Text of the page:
Any changes made to the original details that you used to register with the Companies House should be made within 21 days of the occurring change.


Signs are a very important requirement. In any place that the international company carries out business, a clear sign will need to be exhibited. This sign should display the company’s name and the country of incorporation. A notice will also need to be displayed that names the company’s members/shareholders and that they maintain liability. Those who maintain liability are also required to have their addresses listed on these notices.


All international companies operating in the UK are required to disclose the following information on all letters, notices, bills and other official documents and publications:

  • Names
  • Country of incorporation
  • A statement regarding the liability of shareholders and members

For any international companies that are incorporated outside of the European Economic Area (EEA), companies also need to disclose where the business was registered and the branch’s registration number, as well as the head office location, registration number in the country of incorporation, if the company is being wound up, and the company’s legal form.


All international companies registered in the UK need to file their accounts on a yearly basis with the Registrar of Companies. There is a filing fee involved for each set of accounts. The company will need to file all of the same accounts that it needs to in its home country as well as things like director’s reports, auditor’s reports, and these should be separate for each UK establishment that has been registered.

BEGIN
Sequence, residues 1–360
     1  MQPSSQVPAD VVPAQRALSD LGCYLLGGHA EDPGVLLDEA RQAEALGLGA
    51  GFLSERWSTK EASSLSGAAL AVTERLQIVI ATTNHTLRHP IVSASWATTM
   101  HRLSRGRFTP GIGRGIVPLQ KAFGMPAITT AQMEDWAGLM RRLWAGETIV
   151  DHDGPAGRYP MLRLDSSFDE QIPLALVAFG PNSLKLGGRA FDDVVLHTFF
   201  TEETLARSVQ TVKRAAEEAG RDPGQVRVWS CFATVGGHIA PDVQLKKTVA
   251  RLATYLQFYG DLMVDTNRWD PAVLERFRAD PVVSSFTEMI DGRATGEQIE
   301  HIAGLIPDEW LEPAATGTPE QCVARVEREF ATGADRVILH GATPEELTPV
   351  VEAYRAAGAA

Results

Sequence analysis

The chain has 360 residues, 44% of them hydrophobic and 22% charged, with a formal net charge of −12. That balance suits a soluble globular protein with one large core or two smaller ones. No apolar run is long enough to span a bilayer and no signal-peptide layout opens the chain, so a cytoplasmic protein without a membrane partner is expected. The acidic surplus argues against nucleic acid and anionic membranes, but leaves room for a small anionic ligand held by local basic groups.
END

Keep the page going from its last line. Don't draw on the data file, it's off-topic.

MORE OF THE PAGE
Once these accounts have been filed in the home country, the company has three months in which to file them in the UK.


In the UK, all registered international companies need to register a charge or mortgage over a property. It works in very much the same way that domestic companies have to do this.


If an overseas company registered in the UK decides to wind up their business or become insolvent, they will need to file all the necessary documents with Companies House and follow the same procedure that is required of local businesses when winding up.

Changes in activity

If the status of your business changes ‒ for example, if your ‘place of business’ has an increase in activity so much so that it becomes a ‘branch’ ‒ you will need to re-register your business as a branch. In the same vein, if you have a registered branch in the UK but the activity decreases so much that you fall more into the ‘place of business’ category, then you will also need to re-register.

Movement in the UK

Suppose the place of business or branch of an overseas company moves within the UK. In that case, Companies House will need to be officially notified by a letter that has been signed by the overseas company’s officer or another authorised person.

General law

Any overseas company that has been registered in the UK is required to comply with all of the general legal requirements as well as industry-specific guidelines that are set out in the UK.

What are the penalties involved with failing to register?

If you fail to register your international business in the UK, or fail to meet the requirements that the UK government sets out for international business in the UK, you may receive various fines and penalties.

If you are opening up a branch or a subsidiary of an international business in the UK, you must ensure that you have followed the setup and registration procedures with precision. If there is anything that you’re unsure of, you should speak to a professional business advisor in both the UK and country of origin.